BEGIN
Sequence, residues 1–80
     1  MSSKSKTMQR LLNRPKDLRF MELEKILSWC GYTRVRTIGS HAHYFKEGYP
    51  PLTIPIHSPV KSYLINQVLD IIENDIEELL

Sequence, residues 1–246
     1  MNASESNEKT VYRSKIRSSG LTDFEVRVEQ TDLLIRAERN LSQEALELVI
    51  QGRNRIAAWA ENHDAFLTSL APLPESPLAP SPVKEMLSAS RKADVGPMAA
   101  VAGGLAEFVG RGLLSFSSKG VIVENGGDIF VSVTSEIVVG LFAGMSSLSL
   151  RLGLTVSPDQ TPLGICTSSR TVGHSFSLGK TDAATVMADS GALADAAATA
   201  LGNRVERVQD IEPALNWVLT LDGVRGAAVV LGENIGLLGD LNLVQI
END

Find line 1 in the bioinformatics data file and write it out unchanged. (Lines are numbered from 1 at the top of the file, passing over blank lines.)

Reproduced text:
Sequence, residues 1–80